Why Don’t Security Cameras Record Sound?

Though it is possible to purchase wireless security cameras with on-board audio capabilities, it’s more common to find cameras without audio. There is a reason for this: state privacy laws. States view recording video and audio differently. Needless to say,people are a lot more restricted where audio is concerned.

The issue of recording audio boils down to state consent laws. Those laws will be discussed in a moment. In the meantime, it never hurts to learn what your state says about video and audio recording before you buy new wireless video cameras.

Legal Video Surveillance

Vivint Smart Home is a nationwide company that sells state-of-the-art home automation and security equipment. They also offer remote monitoring. They say the vast majority of security systems they sell are purchased by residential homeowners. Those homeowners have the legal right to surveil their properties with video cameras.

All fifty states have legalized video surveillance in the home. In fact, video surveillance is allowed in all sorts of places where no expectation of privacy exists. That’s why businesses can surveil their properties as well. Where there is an expectation of privacy though, like public restrooms, video surveillance is not allowed.

In your home, you can have as many video cameras as you want. You can view your video feeds live, record the data and watch it later, or do any combination of the two. Recording and storing video is perfectly legal in your own home. However, audio is a different story.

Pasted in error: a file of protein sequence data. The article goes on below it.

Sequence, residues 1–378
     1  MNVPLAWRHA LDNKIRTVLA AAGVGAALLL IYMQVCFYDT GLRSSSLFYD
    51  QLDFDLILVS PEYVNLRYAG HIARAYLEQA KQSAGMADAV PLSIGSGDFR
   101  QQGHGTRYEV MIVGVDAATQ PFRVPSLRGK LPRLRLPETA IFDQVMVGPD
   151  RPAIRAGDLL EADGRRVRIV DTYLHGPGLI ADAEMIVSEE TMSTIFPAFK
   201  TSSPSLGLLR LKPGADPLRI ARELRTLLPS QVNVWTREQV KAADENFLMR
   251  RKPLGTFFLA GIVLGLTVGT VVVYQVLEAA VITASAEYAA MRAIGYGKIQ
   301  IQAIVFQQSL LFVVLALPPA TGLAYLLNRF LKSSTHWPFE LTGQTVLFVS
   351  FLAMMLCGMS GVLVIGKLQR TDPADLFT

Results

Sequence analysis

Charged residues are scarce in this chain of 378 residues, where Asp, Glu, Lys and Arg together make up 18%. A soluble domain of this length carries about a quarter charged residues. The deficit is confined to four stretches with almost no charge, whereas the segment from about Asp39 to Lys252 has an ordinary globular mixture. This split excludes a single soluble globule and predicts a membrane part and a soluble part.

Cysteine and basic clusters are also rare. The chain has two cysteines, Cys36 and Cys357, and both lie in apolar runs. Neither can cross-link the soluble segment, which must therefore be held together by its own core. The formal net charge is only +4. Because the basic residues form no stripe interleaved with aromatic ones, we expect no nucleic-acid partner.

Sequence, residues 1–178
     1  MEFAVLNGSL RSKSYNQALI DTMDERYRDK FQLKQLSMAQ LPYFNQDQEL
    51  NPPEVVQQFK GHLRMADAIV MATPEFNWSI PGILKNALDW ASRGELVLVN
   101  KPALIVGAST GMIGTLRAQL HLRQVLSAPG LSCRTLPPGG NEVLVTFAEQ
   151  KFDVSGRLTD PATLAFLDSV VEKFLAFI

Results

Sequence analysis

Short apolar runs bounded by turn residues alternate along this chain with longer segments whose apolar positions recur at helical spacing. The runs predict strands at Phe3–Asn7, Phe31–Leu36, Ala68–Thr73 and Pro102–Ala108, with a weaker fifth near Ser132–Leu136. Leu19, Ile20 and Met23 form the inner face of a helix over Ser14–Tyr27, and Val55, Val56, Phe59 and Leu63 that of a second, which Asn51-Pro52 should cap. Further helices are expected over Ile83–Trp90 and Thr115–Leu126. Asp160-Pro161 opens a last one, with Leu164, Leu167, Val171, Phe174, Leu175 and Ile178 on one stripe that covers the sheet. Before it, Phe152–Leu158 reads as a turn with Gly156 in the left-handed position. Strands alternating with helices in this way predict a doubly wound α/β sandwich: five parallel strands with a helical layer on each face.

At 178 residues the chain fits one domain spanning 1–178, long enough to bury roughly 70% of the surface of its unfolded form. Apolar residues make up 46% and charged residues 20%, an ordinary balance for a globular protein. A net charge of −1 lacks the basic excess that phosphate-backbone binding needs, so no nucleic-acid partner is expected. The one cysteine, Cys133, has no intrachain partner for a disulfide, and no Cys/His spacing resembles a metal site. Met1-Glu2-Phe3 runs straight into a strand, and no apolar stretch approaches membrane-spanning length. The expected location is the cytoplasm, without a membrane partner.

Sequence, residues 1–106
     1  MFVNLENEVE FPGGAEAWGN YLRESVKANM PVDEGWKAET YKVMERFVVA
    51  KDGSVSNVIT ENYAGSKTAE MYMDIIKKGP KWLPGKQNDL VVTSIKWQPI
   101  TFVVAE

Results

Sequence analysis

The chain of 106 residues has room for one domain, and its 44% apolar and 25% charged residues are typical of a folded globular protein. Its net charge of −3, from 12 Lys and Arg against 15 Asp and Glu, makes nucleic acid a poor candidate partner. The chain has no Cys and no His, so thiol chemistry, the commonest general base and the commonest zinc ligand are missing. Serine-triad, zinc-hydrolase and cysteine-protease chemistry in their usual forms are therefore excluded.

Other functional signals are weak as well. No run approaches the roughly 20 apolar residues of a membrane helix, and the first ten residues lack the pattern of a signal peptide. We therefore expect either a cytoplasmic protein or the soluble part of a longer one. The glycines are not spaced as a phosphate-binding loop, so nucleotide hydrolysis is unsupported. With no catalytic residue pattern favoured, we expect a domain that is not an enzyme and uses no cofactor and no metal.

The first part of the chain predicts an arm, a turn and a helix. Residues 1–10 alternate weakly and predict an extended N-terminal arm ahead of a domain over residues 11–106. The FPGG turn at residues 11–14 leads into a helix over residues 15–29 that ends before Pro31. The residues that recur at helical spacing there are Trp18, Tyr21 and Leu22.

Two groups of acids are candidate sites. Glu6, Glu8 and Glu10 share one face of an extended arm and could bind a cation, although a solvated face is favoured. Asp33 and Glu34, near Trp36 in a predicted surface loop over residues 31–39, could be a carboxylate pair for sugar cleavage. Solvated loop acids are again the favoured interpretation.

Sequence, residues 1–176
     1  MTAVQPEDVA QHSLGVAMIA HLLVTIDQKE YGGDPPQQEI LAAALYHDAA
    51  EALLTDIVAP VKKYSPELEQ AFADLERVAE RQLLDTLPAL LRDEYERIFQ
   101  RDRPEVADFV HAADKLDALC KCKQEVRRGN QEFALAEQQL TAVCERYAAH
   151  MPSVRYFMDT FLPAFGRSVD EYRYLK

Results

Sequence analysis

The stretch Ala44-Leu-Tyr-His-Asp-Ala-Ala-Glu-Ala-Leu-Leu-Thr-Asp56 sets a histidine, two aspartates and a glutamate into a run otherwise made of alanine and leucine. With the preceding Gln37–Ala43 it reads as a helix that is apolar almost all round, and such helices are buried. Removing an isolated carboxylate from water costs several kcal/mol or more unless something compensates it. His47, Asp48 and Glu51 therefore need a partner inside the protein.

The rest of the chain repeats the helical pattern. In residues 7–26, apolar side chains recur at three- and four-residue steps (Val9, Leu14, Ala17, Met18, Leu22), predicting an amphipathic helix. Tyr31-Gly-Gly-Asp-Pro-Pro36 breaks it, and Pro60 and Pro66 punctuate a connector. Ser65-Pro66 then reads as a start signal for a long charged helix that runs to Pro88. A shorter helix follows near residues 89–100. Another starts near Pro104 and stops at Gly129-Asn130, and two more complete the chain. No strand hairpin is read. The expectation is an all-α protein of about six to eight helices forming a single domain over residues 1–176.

It is All Private

Laws in all fifty states dictate that audio information is always private. That means you need to be extremely careful about recording conversations – even when such conversations are captured by a video camera. There are twelve states that require all parties to consent before audio can be recorded. These are:

  • California
  • Connecticut
  • Florida
  • Illinois
  • Maryland
  • Massachusetts
  • Montana
  • Nevada
  • New Hampshire
  • Pennsylvania

The remaining thirty-eight states require consent of at least one party. In those states, it istechnically possible to record audio and video using the same device as long as there are at least two parties involved and one has given consent. However, that is tricky where you are trying to prevent something like home burglary.

You’re Not Home

Burglars rarely hit occupied homes. They look for vacant properties. Therefore, consider two burglars working side-by-side. They hit your home while you are at work. Neither consent to having their conversations recorded. You are the other party, but you are not home. Therefore, your consent would probably not hold up in a court of law.

It boils down to this: state law dictates whether audio surveillance can be recorded and stored. Video camera manufacturers tend to err on the side of caution. Because recording audio is dicey, some manufacturers don’t even bother equipping their cameras with audio recording capabilities. But there are some exceptions to the rule.

When manufacturers do decide to include audio recording, they also include a software or hardware switch that allows you to disable audio recording if is not allowed in your state. If it is allowed and the consent requirements are met, you can leave the audio engaged.

Follow the Law

The legal differences between recording video and audio do not make sense to a lot of people. Nonetheless, the law is the law. Video cameras equipped with audio recording capabilities need to be used with caution. If there is ever any doubt, check the laws in your state. They outline what you can and cannot do with video cameras and audio recording equipment. If you cannot legally record audio, don’t. It is as simple as that.